# β¬οΈThe Use It/Lose It Principle

Making tree recursion intuitive.

If you've been using this book as a side-along to lectures and the class, then you most certainly know the following question: `count_partitions`

. If you're like most 61A students, you dread this question.

The function returns the number of different partitions of `n`

using parts up to `m`

.

Before we dive into code, let's talk about the approach we take to solve this question on a higher level with an example. Consider the questions `count_partitions(6, 4)`

. This returns 9 βΒ that is, there are 9 ways to count up to 6 using the numbers 1, 2, 3, and 4. Let's enumerate them:

A couple things to note:

Order doesn't matter. 4+2 and 2+4 are equivalent for this question.

Notice how I've formatted the various ways to sum up to 6. First, we use all ones. Then, we use all ones and a two. Then, all ones and a three. Then, all ones and a four. Then, ones and twos. And so on and so forth. This is very much on purpose, and we will use this fact to develop our approach to solve this question.

If you had attempted to enumerate these ways with me, perhaps you did it intuitively βΒ writing combinations that made sense until we'd exhausted all possibilities. Perhaps you did it the way I did βΒ using as much of a number as possible before adding the next one. Now, it is incumbent upon us to ask: **how would a computer go about thinking about how to count these?**

If we can figure out an answer to this question, we have essentially mastered all questions that follow this pattern.

Imagine that the computer does it *inversely *to how we did it aboveΒ β it uses the largest number as much as possible before adding the next smaller number. This means it will make `4+2`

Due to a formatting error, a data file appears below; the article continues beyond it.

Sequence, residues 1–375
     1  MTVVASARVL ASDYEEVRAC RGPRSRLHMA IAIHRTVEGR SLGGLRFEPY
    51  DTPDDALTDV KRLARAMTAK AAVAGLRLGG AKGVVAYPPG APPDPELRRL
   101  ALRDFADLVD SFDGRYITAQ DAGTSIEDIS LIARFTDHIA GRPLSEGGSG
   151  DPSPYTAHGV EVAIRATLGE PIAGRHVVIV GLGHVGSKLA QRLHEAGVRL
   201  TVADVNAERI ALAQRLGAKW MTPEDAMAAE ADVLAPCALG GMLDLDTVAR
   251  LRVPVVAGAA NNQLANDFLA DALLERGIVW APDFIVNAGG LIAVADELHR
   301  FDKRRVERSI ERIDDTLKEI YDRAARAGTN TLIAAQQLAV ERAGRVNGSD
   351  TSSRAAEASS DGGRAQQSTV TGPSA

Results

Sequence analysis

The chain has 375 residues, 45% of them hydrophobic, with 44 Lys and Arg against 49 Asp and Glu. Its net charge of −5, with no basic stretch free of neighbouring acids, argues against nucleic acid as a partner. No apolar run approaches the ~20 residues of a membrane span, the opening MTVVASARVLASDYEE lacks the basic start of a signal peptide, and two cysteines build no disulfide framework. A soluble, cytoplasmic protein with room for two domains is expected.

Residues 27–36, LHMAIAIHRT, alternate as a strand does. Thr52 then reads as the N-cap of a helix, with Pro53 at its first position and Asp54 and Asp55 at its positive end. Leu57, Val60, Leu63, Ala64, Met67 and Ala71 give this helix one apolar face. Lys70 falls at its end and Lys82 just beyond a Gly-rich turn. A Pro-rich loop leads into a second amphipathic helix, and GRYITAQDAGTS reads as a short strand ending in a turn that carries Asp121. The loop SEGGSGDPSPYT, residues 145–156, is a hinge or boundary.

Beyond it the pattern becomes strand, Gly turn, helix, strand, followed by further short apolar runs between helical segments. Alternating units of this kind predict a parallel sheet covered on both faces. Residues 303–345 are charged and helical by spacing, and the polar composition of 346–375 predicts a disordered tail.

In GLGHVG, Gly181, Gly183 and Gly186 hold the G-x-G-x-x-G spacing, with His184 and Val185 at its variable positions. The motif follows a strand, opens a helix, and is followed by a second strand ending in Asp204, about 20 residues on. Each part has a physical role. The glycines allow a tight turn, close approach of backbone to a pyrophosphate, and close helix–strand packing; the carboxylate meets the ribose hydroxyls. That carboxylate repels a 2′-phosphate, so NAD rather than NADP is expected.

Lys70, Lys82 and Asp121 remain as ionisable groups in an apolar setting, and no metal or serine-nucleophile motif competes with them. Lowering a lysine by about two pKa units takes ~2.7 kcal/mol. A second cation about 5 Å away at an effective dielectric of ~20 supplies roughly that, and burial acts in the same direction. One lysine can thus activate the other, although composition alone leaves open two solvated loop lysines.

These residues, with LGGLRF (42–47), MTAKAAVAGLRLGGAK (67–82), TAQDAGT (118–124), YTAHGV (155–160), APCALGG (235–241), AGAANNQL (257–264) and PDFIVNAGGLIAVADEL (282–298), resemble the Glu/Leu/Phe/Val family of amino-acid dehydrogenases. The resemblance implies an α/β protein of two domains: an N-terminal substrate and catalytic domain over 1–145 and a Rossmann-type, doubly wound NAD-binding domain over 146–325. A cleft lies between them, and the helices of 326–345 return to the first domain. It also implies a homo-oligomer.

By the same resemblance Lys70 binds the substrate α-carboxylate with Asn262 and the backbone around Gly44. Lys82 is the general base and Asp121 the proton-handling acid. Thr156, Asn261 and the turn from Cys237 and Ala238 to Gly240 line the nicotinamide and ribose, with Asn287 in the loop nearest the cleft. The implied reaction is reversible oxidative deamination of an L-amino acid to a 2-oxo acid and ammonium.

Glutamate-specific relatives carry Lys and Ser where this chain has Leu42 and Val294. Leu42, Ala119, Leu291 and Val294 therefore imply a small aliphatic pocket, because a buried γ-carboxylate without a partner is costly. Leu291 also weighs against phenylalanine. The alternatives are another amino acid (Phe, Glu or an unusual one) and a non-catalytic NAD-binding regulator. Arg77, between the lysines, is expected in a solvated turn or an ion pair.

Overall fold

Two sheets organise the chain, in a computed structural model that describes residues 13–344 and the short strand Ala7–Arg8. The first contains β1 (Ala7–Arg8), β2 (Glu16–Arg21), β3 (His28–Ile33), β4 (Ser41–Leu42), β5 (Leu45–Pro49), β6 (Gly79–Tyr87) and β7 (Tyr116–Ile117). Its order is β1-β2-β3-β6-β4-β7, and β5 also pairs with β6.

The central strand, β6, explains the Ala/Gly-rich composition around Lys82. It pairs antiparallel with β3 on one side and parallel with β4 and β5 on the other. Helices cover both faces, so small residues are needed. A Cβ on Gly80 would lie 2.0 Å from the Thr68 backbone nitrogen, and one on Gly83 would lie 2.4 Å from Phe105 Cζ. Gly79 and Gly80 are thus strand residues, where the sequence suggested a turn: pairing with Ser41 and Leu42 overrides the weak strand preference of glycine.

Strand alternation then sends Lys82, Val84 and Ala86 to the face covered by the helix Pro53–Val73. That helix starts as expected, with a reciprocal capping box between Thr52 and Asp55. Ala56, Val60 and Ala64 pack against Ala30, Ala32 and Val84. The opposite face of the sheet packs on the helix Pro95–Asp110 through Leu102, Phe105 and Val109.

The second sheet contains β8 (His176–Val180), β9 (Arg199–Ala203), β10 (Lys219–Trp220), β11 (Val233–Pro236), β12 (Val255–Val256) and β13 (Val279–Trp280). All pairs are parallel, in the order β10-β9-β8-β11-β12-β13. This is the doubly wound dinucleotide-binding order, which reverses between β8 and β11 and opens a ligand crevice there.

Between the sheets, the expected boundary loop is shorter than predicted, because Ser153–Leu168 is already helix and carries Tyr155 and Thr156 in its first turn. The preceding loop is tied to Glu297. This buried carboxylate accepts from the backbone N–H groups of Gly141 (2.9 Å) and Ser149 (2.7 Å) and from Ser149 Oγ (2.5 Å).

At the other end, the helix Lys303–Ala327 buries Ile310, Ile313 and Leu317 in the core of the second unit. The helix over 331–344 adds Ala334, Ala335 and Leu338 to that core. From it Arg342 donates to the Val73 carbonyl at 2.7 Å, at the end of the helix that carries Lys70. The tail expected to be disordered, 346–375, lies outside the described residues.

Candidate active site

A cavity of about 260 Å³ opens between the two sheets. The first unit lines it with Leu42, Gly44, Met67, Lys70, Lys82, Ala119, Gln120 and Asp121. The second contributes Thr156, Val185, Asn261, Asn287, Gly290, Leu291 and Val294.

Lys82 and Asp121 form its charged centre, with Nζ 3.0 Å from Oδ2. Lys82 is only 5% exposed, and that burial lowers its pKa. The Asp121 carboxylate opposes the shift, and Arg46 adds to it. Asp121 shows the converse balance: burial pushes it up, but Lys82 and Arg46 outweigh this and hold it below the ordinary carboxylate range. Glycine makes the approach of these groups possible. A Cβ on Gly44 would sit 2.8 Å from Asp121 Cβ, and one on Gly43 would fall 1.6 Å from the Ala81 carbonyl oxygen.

before `4+1+1`

before`3+3`

. Larger numbers first.

With this in mind, the big picture idea is this: **At any given stage, the question can use the current value of ****m**** to try to count up to ****n****, or it can discard ****m**** and go to the next value of ****m****. **Visualized, this looks something like this:

Notice how, at any given point, the computer can use the value of `m`

or lose the value of `m`

. I call this this Use It/Lose It Principle. So, how does the computer decide which one to do. Here's the last trick: **the computer doesn't pick which one to do, but rather does both of them. **

With all of this in mind, let's write this out in code! We'll skip our base cases for now and just write the recursive case.

Yet another way of thinking about this is to split the question into two universes: a universe in which `m`

is used in the counting of `n`

and one in which `m`

is not used in the counting of `n`

. These two universes are mutually exclusive by definition, thus, the number of ways each of the recursive calls return **have no overlap**. Thus, we can add them together to count the total ways.

Let's wrap this question by establishing our base cases. Look at our visualization above βΒ when does our tree stop. There are three cases: if `n<m`

, if `n==m`

and if `m==0`

. Let's put these in:

And we're done! Note this question in the CS61A Textbook. The base cases are different. This is done on purpose to introduce to you the idea that there is no "right" base or recursive case: only what works and what doesn't. As long as you pass the doctests, your approach is correct.

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